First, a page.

Call for re-definition of education
as the 21st century nears
by Gwen Evelyn
July 15, 1998
EXECUTIVE of the `On the Wings of Words' Task Force, Dr. Brian O'Toole has advised that a re-definition of education be made as the world approaches the new millennium.
Speaking at the opening ceremony of the `On The Wings Of Words' workshop for facilitators of the Baha'i organisation's literacy programme, Monday morning, Dr. O'Toole said that the foundation should be set for a new world order.
He noted that the next few months are important and the world will face challenges peculiar to the history of mankind.
Nothing but the creation of new beings will help, O'Toole declared. He added that every fifth person in the world cannot read. This condition is exacerbated by poverty, superstition and prejudice, he said, while pointing out that even as the world tries to respond, radical solutions are needed.
"We need to re-define what education is and to re-conceptualise what literacy programmes are doing," O'Toole said.
Arguing that the old model of teacher being narrator must be changed, Dr O'Toole, who is also Director of the School of Nations, said that the situation at schools is that teachers make deposits into empty vessels. If the child is docile, he is a desirable pupil.
Therefore, the child becomes a receptacle to be filled; he is passive and easy to mould; he receives, memorises, repeats and returns his information on demand when end-of- term examinations are due.
"That is a tragic process," O'Toole commented, stating that the old education system is for a culture of silence.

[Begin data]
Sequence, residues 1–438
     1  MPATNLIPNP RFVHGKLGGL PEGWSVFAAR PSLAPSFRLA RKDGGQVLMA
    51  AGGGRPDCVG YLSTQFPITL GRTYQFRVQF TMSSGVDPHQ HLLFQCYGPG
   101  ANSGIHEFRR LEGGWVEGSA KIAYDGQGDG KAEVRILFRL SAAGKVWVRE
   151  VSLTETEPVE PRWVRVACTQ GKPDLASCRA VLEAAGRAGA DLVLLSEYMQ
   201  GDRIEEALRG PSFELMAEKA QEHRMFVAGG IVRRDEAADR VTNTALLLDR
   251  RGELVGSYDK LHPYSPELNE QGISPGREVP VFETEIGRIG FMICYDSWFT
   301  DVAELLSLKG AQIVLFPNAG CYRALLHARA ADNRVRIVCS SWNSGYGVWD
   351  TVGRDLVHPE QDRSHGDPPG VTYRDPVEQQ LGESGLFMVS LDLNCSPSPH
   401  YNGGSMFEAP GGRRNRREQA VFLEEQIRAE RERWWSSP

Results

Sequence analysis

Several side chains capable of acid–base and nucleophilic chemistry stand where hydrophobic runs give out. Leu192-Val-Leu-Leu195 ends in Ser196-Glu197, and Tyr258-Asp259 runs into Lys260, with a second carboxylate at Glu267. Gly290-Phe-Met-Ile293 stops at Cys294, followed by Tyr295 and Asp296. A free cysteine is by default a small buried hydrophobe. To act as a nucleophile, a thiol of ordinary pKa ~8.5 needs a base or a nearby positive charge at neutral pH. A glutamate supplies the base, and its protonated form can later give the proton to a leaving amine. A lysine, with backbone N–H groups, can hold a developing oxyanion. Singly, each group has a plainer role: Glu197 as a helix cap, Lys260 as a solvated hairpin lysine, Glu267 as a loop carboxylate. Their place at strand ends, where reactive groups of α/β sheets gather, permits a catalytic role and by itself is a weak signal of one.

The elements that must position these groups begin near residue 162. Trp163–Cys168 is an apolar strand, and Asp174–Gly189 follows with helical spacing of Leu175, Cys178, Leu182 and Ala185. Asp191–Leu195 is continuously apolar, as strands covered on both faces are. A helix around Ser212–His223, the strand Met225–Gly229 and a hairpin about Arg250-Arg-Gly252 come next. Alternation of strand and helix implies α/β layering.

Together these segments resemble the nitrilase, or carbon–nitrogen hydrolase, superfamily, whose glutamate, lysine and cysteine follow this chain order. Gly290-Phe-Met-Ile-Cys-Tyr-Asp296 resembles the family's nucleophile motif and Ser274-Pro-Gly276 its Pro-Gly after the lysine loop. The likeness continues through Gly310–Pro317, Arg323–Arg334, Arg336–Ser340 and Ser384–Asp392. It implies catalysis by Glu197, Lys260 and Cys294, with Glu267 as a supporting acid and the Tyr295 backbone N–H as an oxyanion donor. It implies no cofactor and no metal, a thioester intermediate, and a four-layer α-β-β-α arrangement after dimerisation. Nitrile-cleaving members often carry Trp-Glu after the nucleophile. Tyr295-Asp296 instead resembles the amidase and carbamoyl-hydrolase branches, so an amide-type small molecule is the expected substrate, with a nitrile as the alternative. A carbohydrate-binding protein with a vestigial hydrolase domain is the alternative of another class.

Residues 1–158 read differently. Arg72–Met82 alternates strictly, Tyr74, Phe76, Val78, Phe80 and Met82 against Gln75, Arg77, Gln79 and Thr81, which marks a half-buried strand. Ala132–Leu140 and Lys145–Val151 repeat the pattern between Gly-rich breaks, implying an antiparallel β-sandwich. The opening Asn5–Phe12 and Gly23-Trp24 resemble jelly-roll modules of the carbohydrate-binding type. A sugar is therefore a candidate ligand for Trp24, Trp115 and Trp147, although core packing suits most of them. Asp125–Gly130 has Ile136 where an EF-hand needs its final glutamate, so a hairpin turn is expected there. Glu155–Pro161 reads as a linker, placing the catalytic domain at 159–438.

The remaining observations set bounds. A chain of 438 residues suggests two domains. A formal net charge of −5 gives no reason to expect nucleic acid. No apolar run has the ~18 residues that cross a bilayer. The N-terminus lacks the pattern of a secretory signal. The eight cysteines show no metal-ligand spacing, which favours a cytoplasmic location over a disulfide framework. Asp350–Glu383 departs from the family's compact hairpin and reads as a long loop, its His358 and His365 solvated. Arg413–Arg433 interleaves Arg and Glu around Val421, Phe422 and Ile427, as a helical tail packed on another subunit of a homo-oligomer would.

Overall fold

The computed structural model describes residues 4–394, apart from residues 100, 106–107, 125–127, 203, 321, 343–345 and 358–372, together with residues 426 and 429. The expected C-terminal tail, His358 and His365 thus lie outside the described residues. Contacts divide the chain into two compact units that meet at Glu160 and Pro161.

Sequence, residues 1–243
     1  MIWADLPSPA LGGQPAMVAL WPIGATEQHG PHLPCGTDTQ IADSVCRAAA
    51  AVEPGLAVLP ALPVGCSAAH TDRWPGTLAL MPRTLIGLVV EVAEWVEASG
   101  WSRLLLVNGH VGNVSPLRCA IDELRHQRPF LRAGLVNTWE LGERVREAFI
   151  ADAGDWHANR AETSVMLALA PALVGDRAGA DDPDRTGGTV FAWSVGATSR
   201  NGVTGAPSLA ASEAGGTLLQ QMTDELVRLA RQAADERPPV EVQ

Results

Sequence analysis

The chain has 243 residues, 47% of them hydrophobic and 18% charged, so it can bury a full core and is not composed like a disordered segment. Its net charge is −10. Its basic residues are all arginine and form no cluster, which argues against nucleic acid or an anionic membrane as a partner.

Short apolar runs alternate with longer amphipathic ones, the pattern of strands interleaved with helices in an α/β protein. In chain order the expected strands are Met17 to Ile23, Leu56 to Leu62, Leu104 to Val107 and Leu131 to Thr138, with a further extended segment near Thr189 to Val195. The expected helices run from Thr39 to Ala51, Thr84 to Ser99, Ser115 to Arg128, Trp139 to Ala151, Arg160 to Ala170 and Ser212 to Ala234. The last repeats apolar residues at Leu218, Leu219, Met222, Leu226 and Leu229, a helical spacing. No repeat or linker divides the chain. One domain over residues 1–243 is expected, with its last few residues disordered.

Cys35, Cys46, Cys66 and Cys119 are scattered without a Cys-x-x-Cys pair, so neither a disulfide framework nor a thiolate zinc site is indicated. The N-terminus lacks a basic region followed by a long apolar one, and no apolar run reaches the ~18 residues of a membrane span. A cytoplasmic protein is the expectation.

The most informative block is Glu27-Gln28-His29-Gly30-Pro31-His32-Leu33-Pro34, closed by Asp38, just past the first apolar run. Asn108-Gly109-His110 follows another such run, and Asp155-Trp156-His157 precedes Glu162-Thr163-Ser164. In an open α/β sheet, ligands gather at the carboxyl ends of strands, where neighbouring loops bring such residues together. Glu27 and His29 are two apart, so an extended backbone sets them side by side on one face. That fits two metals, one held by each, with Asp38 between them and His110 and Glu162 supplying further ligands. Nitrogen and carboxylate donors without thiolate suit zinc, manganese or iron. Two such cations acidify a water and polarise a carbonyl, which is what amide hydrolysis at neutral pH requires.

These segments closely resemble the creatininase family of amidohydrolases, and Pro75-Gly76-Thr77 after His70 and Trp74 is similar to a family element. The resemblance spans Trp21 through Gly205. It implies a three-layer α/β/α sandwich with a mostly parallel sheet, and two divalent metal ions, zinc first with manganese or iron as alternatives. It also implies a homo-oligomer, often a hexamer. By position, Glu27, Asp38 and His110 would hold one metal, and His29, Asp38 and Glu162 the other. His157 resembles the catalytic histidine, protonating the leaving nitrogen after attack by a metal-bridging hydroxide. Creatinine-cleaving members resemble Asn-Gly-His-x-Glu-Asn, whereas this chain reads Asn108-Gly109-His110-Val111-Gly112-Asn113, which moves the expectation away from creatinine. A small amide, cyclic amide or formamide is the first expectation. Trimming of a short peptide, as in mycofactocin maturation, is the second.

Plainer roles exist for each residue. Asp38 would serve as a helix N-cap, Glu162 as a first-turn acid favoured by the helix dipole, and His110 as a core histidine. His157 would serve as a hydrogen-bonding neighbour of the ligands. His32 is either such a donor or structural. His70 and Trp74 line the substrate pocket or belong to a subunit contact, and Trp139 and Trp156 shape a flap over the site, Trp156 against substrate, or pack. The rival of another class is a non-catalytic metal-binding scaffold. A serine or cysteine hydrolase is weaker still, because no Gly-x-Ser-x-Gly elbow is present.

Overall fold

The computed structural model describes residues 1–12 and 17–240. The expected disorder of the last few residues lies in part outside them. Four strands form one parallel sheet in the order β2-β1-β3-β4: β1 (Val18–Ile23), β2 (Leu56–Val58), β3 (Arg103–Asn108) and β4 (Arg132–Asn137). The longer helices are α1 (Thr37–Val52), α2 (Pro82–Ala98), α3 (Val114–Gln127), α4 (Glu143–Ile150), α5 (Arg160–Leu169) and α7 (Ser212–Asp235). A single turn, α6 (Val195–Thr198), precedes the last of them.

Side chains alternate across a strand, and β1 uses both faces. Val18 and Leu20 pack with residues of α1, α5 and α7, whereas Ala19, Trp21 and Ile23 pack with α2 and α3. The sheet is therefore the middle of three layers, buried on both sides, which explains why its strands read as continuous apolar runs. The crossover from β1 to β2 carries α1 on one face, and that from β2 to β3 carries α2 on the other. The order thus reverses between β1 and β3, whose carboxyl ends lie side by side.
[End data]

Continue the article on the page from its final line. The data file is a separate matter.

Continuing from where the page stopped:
"Our job is to change this," he said.
At the workshop, participants will explore what literacy is; how the creative expression of the child can be released; and how young people can be helped to communicate, listen and consult.
Member of the "On The Wings of Words" Task Force, Ms. Shelley Harris said that the Baha'is started their programme with a pilot project in 1994 for Baha'is who were not literate.
Harris said that the Baha'is decided to expand their programme to include Guyana citizens after realising that the country has a literacy problem.
A survey done here showed that a high percentage of school-age youths are not literate.
Ms Harris explained that Baha'is have programmes in countries of Africa and Asia as well.
"The response has been overwhelming in Guyana," Harris noted.
And another member of the Task Force, Ms. Evelyn Hamilton observed that the project has developed because of inputs from facilitators.
Hamilton noted that as the programme moved through different stages, material was revised and strategies changed.
To date, the programme has trained about 1,000 facilitators. And Monday's batch comprised persons from all across Guyana, the Caribbean and the United States.
Director of the Institute of Distance and Continuing Education (IDCE), Mr. Samuel Small congratulated the literacy programme's Task Force and facilitators for the work they have done.
"It is now more important than ever before for people in any country to be literate," Small emphasised.
He said that opportunities will pass by those who are illiterate.
Literacy also affects the way people feel about themselves, he said, pointing out that a sense of self-worth is important.
Noting that more males than females are illiterate, Small checked Monday's gathering to see how many men were present. Of a packed audience, there were less than a dozen males.
Mr Small also urged participants to be conscious of such statistics as they work. He explained that training programmes for facilitators of the literacy programme and their students will receive certificates from the IDCE.